A few people in Congress have made polite gestures towards bringing a House transportation bill to the floor before the end of the month, but transportation analyst and author of the Innovations Newsbriefs news letter Ken Orseki thinks any such legislation is bound to die on the vine this year. The chief problem is that with just three weeks before the current highway bill “SAFETEA-LU” expires, the House Ways and Means committee doesn’t have any notion of where the funds might come from for a new multi-year transportation bill. Most of the members of that committee and Transportation Committee Chairman Oberstar say they do not want to raise the gas tax in the middle of the recession. And Oberstar has been adamant in arguing for a $500-billion bill, almost double the level of funding from SAFETEA-LU.
The good news is that it’s almost certain that a continuing resolution will be passed to keep funds flowing. Possibly as early as next week senators Inhofe and Boxer will bring to the floor of the Senate a bill providing for an 18 month extension of the current program and repealing an $8.7 billion rescission of the federal highway program which otherwise would have taken effect at the end of the month.
Speaking of the likely 18 month extension of the current program/postponement of a new bill, Senator Kit Bond of Missouri said:
“Postponing the enactment of a multiyear authorization would also offer the Senate and the Administration a chance to participate more fully in the overhaul of the nation’s transportation policy. This argument, we suspect, while seldom expressed openly, is probably in the back of the minds of many Senators and senior Administration officials.”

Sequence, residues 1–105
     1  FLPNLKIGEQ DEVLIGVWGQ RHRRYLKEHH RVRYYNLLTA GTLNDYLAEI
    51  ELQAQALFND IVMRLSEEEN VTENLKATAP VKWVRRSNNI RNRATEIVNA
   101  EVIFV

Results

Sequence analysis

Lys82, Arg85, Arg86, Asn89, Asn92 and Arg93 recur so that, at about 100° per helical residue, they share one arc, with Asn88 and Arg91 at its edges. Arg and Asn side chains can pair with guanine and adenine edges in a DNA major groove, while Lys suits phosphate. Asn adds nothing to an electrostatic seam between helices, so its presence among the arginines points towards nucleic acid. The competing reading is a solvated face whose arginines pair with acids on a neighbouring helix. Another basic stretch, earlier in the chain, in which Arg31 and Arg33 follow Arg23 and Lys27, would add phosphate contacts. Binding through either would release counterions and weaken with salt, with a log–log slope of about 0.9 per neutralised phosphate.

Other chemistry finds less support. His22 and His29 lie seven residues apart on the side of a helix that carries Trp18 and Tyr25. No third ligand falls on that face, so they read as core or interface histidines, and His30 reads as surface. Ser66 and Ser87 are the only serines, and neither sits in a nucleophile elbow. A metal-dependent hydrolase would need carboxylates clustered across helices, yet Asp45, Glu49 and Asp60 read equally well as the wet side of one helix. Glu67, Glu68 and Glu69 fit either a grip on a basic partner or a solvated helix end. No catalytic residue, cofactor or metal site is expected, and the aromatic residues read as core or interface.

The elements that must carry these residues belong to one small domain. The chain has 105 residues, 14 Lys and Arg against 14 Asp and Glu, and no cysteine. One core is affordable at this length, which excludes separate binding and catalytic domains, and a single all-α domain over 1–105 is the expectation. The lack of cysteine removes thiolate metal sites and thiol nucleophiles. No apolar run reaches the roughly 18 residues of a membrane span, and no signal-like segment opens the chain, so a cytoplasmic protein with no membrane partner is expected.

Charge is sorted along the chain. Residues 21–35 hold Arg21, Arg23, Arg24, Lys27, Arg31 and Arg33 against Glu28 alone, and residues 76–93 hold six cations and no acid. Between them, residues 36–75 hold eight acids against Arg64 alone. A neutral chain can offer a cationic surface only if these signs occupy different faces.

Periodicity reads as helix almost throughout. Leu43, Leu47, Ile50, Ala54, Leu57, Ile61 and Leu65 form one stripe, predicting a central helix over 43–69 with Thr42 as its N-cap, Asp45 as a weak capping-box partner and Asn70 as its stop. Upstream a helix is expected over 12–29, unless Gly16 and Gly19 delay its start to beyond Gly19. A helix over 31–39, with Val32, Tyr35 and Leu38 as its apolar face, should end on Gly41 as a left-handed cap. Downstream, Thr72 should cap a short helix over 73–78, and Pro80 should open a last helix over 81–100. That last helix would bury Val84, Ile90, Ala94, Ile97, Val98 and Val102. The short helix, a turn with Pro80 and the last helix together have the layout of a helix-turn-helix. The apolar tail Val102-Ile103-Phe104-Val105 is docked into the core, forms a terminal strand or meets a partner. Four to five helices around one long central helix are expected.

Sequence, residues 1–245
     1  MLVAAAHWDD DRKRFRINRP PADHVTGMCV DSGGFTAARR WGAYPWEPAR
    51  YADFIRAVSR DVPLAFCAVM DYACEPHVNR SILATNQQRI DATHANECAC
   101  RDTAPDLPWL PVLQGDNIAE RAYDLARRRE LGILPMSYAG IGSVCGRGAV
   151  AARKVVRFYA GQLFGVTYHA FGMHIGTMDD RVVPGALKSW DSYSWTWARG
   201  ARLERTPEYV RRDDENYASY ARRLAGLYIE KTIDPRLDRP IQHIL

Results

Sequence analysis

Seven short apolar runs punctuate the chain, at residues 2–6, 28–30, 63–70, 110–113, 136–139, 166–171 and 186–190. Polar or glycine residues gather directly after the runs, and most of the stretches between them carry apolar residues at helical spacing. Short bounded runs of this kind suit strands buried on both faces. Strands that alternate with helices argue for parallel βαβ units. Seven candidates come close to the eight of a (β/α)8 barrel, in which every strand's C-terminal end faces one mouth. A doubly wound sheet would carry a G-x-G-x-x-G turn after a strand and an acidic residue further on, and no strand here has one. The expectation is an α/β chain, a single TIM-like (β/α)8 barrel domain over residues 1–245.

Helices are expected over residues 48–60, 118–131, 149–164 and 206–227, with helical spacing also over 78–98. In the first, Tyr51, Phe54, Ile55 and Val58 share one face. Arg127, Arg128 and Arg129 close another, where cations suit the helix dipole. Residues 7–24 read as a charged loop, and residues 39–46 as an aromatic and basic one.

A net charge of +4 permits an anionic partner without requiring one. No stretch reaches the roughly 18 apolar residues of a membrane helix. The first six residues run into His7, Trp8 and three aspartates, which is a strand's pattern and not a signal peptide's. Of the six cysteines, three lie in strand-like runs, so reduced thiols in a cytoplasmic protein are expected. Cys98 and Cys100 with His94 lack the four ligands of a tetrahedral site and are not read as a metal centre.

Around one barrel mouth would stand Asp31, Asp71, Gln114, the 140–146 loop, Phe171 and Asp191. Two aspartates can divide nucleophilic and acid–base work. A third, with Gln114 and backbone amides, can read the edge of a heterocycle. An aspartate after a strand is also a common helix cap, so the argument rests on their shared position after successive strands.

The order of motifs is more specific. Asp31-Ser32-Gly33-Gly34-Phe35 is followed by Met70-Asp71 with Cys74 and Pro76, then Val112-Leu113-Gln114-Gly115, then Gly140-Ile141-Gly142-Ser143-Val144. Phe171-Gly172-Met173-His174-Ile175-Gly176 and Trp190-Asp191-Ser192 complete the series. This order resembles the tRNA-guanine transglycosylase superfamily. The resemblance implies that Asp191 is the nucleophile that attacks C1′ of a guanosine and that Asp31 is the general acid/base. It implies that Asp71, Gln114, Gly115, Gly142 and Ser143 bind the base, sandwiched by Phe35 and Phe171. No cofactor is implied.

The Obama administration has indicated it favors an extension and Orseki thinks a shorter extension, say 8 to 12 months may be in the cards. And he believes as we do, that any extension could present the transportation construction industry a golden opportunity to get it right this time.
The political climate for anything right now in Washington D.C. is pure poison. The health care bill will likely be torn to shreads as will the energy/climate bill and probably anything else the Obama administration proposes. There was a time in the late 1990s where gridlock in Washington could be seen as a good thing. That was before terrorists stuck and we launched two wars, bridges started falling into rivers and the economy spiraled into a bottomless pit. Gridlock is not a good strategy when faced with such enormous problems.
So wouldn’t it be a great thing if the transportation industry could show the rest of the country how to get good legislation written and passed in a bi-partisan way to the betterment of all the citizens of our republic. A $500 billlion transportation bill wouldn’t cost any more than adding a dime or so to the federal fuels tax, and the benefits in reducing congestion and lifting the construction industry would be immediate and long lasting. Plus raising the fuel tax is the least expensive way to promote conservation and encourage the development of alternative fuels and transportation modes.
Again for emphasis: this is a once in a lifetime opportunity. Blow this chance and we might as well call into questions the need for a federal government. If we can’t pave our roads we’re really no better than a bananna republic. And if the government could show us that they could at the least pave our roads without devolving into a fractious, demagogic catfight, maybe more people would come to trust them with bigger goals like energy and health care.
If you’re into the details, the full text of Orseki’s latest newsletter is included below the More line.
|Congress Will Likely Extend the Existing Transportation Authorization
Among the pressing legislative priorities facing Congress this autumn– besides the attention-grabbing health care and climate change bills–is an extension of the federal surface transportation program. The program authority expires on September 30 and its renewal is essential to keep the federal transportation money flowing. As we reported in our NewsBrief of August 8 on the eve of the congressional adjournment, the House and the Senate have been on divergent paths in their approach toward renewing the program. The House Transportation and Infrastructure Committee, under the leadership of Chairman James Oberstar (D-MN), has been intent on passing a six-year $500 billion surface transportation measure ($450 billion for highways and transit, $50 billion for high-speed rail) during this session of Congress. In late July, a bill to this effect was reported out by the House Highways and Transit subcommittee. Chairman Oberstar announced at the time that he would hold a full committee mark-up soon after the House returns from its summer recess.